Probably the most common disease in soybeans is brown spot, also known as Septoria brown spot. It is a fungal disease caused by the pathogen Septoria glycines. It is very common across the Corn Belt and appears in about all soybean fields to some degree. The disease is usually present in the lower canopy, but can move upwards if weather is warm and moist.
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This pathogen overwinters and survives in soybean residue and can survive over a 2-year corn-soybean rotation. When it rains, the spores splash up into the lower canopy and infect lower leaves. According to the NCSRP Soybean Research Initiative “Septoria brown spot generally infects older leaves in the lower canopy. However, during a warm, rainy season, the disease may move up through the plant. Later in the growing season, infected leaves may turn rusty brown or yellow and drop prematurely.”
What does it look like? According to the NCSRP post “Symptoms of brown spot are many small, irregular, dark brown spots on both the upper and lower leaf surfaces. Adjacent spots (lesions) frequently merge to form irregularly shaped blotches and browning of the leaf edges or along the leaf vein. Infected leaves turn brown and yellow and may drop prematurely.” This disease is common but primarily seen in the more humid lower canopy. If weather remains warm and dry it will stay put below.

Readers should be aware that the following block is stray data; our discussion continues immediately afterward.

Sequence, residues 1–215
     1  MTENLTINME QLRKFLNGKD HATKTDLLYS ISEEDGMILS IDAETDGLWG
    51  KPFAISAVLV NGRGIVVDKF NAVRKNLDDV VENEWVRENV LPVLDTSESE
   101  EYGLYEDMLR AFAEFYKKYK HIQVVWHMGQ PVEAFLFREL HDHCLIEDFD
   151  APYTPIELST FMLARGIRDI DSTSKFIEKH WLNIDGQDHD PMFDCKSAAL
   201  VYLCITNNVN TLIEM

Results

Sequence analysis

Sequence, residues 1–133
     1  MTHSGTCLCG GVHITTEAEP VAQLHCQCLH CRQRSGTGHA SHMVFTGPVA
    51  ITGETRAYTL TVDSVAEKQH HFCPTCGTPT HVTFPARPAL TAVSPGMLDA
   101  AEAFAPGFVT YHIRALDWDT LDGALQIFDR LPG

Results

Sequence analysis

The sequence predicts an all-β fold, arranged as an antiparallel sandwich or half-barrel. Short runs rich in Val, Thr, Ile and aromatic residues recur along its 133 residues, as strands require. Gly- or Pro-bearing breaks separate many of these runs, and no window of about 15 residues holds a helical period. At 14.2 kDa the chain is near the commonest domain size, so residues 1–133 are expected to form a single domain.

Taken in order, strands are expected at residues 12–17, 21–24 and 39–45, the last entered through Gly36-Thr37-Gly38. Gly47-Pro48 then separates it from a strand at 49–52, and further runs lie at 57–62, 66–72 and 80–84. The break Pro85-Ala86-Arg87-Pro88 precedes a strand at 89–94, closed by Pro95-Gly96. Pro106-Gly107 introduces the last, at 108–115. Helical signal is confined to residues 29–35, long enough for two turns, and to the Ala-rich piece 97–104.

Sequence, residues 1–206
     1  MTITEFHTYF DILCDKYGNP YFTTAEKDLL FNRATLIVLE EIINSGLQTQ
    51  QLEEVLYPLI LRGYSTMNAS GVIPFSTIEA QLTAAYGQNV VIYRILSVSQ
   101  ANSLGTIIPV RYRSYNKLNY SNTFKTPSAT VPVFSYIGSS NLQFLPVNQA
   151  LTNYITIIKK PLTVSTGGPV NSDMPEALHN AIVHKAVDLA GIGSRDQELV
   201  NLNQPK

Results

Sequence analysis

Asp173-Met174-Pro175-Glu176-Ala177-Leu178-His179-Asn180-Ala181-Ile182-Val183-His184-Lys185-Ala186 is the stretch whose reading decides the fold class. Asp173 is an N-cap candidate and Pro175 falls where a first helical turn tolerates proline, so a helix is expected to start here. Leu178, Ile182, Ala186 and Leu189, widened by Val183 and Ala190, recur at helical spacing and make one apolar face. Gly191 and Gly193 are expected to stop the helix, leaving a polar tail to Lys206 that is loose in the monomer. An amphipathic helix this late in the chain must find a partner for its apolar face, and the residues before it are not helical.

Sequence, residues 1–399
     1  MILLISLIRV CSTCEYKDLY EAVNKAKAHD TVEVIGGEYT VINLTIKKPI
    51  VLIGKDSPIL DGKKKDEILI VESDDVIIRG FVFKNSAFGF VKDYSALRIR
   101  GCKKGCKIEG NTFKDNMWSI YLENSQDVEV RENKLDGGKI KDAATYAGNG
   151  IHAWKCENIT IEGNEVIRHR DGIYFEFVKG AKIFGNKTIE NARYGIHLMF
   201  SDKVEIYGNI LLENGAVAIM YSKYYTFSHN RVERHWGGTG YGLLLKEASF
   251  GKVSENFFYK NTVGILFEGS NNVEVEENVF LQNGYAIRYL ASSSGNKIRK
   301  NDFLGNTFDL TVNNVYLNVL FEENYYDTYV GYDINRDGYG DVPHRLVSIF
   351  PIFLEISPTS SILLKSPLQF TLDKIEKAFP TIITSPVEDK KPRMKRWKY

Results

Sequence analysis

Image Courtesy of North Central Soybean Research Program (NCSRP)
Management is simple because the disease is rarely an economic threat:
- Rotate soybeans with small grains or corn to allow soybean residue to decay.
- Manage residue, especially in fields with high levels of brown spot.
- As a minor disease that rarely impacts yield fungicide isn’t warranted.
However, if you spray for other foliar diseases, brown spot will also be kept in check. And Bayer CropSciences recently revised its ILeVO® label and added control of Septoria brown spot.
Eric Ifft, customer care representative with Bayer CropSciences in Illinois stated in his weekly email “ILeVO seed treatment is now labeled for Septoria Brown Spot, and this week I saw fields where ILeVO control of this fungal disease was very evident. I was in several fields this week where the growers had the same soybean variety with and without ILeVO, and when you pulled back the canopy, there was significantly less Septoria in the ILeVO-treated soybeans.”
Agronomist Dr. Daniel Davidson posts blogs on agronomy-related topics. Feel free to contact him at email@example.com or ring him at 402-649-5919.